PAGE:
Aaron Task celebrated the start of the second half by predicting which first-half losers will turn into winners by the end of the year. Task, co-executive editor of TheStreet.com, subbed Friday for the vacationing Jim Cramer on his
"Real Money" radio show. Using a list supplied by The Wall Street Journal, Task reviewed the mega-cap stocks that had the roughest first half and -- contrarian that he is -- forecast a turnaround for most of them. Wal-Mart ( WMT) has had a terrible first half, but Task said that negative sentiment has reached a peak. Should the economy slow down in the second half, shoppers may opt to walk the aisles in their local Wal-Mart as opposed to a more upscale and pricey store, Task says. With regard to drugmaker Merck ( MRK), Task says institutions have to own it and will like it even more at these depressed levels, especially with its current juicy 4.59% dividend yield. Another first-half loser likely to turn around with a slowing economy is McDonald's ( MCD) Task says. Same goes for IBM ( IBM), another American icon of a company, which Task says is being hit by too much negative sentiment. Aluminum giant Alcoa ( AA) kicks off earnings season next week, and Task says the company could pop if it provides better-than-expected earnings, mostly because it has been out of favor for so long. And as for 3M ( MMM), which fell over a management shuffle, Task says it may be time to dip a toe in and start buying. As for the first-half winners, Task advised listeners to take profits in Boeing ( BA) which is up 27% year-to-date. And despite Cramer's love for shares of Intel ( INTC) Task warned that there very well may be "too much optimism going into the quarterly report." Task's guest John Rutledge, chairman of Rutledge Capital, spoke more about inflation and exchange-traded funds than individual stocks.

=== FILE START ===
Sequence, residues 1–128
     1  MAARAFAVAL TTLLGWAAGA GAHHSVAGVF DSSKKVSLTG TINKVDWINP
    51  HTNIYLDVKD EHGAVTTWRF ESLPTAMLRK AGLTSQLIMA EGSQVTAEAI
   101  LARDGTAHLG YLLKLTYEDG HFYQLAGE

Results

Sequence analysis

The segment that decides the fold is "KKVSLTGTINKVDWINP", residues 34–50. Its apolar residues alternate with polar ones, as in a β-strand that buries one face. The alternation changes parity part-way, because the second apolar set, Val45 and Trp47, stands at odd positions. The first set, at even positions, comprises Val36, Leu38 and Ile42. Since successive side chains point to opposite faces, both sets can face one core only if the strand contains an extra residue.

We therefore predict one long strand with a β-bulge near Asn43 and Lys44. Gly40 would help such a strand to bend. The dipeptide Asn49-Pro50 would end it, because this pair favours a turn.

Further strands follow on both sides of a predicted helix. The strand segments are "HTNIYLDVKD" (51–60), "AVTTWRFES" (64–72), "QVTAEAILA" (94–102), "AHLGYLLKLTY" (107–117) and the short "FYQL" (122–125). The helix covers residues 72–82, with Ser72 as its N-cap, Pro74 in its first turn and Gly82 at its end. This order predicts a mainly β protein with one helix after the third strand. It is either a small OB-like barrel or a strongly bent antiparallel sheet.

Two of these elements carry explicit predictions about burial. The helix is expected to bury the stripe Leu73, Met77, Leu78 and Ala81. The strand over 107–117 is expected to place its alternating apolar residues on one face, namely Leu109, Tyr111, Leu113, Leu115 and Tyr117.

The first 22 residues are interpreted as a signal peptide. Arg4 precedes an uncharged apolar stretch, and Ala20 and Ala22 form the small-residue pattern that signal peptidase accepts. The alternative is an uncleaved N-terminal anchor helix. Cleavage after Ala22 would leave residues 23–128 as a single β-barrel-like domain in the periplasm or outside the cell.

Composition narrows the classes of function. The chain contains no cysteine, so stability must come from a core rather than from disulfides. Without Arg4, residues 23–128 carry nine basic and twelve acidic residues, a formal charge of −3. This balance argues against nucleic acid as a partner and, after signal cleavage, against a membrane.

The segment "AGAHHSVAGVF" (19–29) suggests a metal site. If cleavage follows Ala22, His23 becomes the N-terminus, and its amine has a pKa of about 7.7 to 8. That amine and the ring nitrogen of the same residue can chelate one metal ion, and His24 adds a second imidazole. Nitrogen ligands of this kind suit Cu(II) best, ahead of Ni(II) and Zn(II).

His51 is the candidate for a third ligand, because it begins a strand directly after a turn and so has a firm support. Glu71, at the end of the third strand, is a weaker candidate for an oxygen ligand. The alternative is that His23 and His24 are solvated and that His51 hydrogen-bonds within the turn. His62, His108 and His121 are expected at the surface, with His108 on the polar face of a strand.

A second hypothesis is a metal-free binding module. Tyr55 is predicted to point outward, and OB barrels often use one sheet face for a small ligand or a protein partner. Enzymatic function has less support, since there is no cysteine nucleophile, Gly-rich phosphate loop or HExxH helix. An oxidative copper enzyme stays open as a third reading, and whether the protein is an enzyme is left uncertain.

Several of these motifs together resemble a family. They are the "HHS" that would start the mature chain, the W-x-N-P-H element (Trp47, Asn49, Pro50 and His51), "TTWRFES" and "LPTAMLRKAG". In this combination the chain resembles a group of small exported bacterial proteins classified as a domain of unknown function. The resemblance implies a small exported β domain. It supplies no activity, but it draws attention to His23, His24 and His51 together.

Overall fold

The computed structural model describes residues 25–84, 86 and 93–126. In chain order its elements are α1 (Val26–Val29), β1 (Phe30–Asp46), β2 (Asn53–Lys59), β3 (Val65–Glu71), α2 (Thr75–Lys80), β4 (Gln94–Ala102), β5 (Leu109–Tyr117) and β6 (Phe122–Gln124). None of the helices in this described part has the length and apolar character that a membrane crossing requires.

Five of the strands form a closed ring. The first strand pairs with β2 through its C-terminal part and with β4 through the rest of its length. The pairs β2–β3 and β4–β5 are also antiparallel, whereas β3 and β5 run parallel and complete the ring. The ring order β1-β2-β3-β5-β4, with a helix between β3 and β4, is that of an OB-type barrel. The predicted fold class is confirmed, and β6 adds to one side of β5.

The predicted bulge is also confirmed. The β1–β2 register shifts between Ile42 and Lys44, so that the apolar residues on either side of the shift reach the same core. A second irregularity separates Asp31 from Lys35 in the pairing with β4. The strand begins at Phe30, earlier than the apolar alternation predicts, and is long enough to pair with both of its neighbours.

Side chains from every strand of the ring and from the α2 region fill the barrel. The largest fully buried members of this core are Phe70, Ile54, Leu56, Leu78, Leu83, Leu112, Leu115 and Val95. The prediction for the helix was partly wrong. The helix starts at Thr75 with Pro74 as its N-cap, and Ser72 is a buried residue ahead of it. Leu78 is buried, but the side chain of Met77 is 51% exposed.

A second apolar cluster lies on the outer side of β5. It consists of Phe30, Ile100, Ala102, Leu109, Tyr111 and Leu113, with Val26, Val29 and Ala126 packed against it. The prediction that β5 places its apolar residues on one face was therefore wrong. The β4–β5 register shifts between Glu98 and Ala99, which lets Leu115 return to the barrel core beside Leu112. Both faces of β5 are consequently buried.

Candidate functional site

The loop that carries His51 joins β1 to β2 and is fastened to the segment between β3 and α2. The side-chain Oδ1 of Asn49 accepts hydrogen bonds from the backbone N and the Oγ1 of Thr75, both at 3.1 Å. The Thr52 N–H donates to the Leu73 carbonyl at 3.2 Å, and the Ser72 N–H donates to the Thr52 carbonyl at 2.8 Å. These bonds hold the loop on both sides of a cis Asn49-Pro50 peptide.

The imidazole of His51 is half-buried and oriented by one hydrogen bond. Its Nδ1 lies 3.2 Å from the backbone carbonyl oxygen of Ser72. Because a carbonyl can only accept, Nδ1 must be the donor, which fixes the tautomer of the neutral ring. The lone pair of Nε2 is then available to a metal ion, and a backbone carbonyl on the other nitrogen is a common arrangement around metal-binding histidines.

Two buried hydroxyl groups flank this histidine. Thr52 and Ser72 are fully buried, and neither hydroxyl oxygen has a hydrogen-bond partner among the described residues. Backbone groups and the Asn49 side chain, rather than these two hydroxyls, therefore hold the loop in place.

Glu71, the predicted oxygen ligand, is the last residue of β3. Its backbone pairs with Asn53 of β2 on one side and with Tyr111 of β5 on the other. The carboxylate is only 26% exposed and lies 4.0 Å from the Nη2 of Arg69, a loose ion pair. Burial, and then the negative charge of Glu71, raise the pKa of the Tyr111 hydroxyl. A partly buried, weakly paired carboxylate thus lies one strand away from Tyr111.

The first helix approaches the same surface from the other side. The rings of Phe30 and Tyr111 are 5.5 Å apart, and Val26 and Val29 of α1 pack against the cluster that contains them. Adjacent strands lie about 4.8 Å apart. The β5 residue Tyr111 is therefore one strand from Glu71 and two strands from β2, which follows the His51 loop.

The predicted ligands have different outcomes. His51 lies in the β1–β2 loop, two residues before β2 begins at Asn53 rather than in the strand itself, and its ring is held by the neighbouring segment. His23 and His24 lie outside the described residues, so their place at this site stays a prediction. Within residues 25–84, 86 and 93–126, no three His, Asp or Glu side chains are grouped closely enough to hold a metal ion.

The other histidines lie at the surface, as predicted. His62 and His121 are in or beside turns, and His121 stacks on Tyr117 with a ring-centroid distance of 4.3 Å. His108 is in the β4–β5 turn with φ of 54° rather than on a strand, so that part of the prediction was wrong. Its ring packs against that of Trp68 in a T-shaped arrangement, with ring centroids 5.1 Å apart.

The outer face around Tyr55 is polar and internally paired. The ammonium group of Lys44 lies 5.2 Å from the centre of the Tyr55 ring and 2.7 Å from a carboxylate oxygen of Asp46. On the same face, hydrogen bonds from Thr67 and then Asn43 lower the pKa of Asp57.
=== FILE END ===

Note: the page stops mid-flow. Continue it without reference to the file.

Veteran market watcher Rutledge weighed in on the recent Fed moves, saying he doesn't think inflation is as much of a problem as the Fed does. As a result, Rutledge is worried the Fed will raise rates to levels at which small investors will be priced out of the credit market. Small investors, says Rutledge, don't get the same borrowing rates as big players like General Motors ( GM) and General Electric ( GE). In terms of equities, Rutledge says to stick with small-caps, even though they have outperformed larger companies over the past five years. To get involved in the small-cap market, Rutledge advises investors to check out the iShares Russell 2000 ( IWM) ETF, as well as the iShares S&P SmallCap 600 ( IJR). If overseas investing is your game, Rutledge says the best way to do it is through funds -- especially if you want to get involved in emerging nations like China. Rutledge's top international ETF picks were the iShares MSCI Pacific ex-Japan ( EPP) ETF and the iShares MSCI Japan ( EWJ). But of course, with America's birthday coming up on Monday, Task also says it's time to reflect and enjoy life in the good old U.S.A.